Russian tennis players will be barred from competing at Wimbledon in June, a decision that will prevent current world No. 2 Daniil Medvedev from playing in the season’s third Grand Slam.
The tennis tournament, held annually at the All England Club in London, will break from the rest of the tennis world by refusing to allow Russians to compete, according to someone familiar with the decision, who was granted anonymity because the conversations were private.
“In the circumstances of such unjustified and unprecedented military aggression, it would be unacceptable for the Russian regime to derive any benefits from the involvement of Russian or Belarusian players with The Championships,” the statement said. “It is therefore our intention, with deep regret, to decline entries from Russian and Belarusian players to The Championships 2022.”
Since the start of the Ukraine invasion in February, Russian tennis players have been allowed to remain on the ATP and WTA Tours. Last month, British sports minister Nigel Huddleston suggested that Medvedev and his fellow Russian tennis players shouldn’t be allowed to compete at Wimbledon unless they somehow assured the government that they were not a supporter of Putin.
It was initially unclear if the ban would apply equally to Belarusian athletes, who have also been barred from recent athletic competitions because of the government’s close ties to Russia, but the statement confirmed they will not compete. Olivier van Lindonk, Medvedev’s agent at IMG, couldn’t immediately be reached for comment.
Wimbledon will be just the latest international sports property to prevent Russians from competing as Vladimir Putin’s military continues its invasion of Ukraine, Russia’s neighbor to the south. In late February, the IOC recommended barring Russian athletes from international competition, a powerful statement that led to Russian teams and individuals being removed from competing in the Paralympics and dozens of other major international sporting events. The Russian soccer team was removed from qualifying for the men’s World Cup later this year; Russian and Belarusian runners were barred from the Boston Marathon earlier this week.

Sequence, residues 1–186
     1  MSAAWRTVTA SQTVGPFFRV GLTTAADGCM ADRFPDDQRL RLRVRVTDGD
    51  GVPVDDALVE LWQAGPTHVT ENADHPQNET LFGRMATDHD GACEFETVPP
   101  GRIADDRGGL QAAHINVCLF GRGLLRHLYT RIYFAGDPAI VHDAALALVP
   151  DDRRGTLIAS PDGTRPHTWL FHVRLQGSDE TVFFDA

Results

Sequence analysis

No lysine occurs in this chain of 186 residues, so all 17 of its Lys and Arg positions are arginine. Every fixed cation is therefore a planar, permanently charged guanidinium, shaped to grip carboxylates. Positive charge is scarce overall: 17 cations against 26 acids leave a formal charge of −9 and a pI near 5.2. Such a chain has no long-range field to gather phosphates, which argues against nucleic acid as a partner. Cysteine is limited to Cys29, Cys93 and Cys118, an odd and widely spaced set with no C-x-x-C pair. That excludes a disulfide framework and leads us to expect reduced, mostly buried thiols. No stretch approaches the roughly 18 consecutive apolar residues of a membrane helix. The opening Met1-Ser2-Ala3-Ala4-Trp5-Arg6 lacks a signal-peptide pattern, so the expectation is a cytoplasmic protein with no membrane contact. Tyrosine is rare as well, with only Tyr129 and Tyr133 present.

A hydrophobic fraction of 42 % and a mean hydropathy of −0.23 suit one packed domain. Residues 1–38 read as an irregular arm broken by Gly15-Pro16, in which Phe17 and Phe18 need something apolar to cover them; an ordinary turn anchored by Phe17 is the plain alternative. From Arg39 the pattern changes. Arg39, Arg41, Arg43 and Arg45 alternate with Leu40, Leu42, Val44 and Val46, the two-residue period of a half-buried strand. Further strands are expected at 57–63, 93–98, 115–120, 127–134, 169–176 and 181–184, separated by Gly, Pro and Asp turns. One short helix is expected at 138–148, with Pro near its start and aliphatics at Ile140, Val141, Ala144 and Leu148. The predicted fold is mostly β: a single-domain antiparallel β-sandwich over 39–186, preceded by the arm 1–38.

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In tennis, Russian and Belarusian athletes have been allowed to keep competing, but have been barred from doing so under their country’s name or flag. The ATP and WTA also suspended a combined event planned for Moscow in October. The French Open, the next Grand Slam on the calendar, reportedly has no plans to prevent Russians or Belarusians from playing next month.
In addition to Medvedev, who spent some time earlier this year as the world’s top-ranked man, there are three other Russian men in the top 100–Andrey Rublev (No. 8), Karen Khachanov (No. 26), and Aslan Karatsev (No. 30). The women’s rankings have eight, including No. 15 Anastasia Pavlyuchenkova and No. 26 Daria Kasatkina. There are a handful of other highly ranked female Belarusians, including No. 4 Aryna Sabalenka and No. 18 Victoria Azarenka, a two-time Grand Slam winner.
The Wimbledon prize pool last year was about $45.5 million (35 million pounds). The men’s and women’s singles champions each took home about $2.2 million.
(This article has been updated to include information from the All England Club’s official statement.)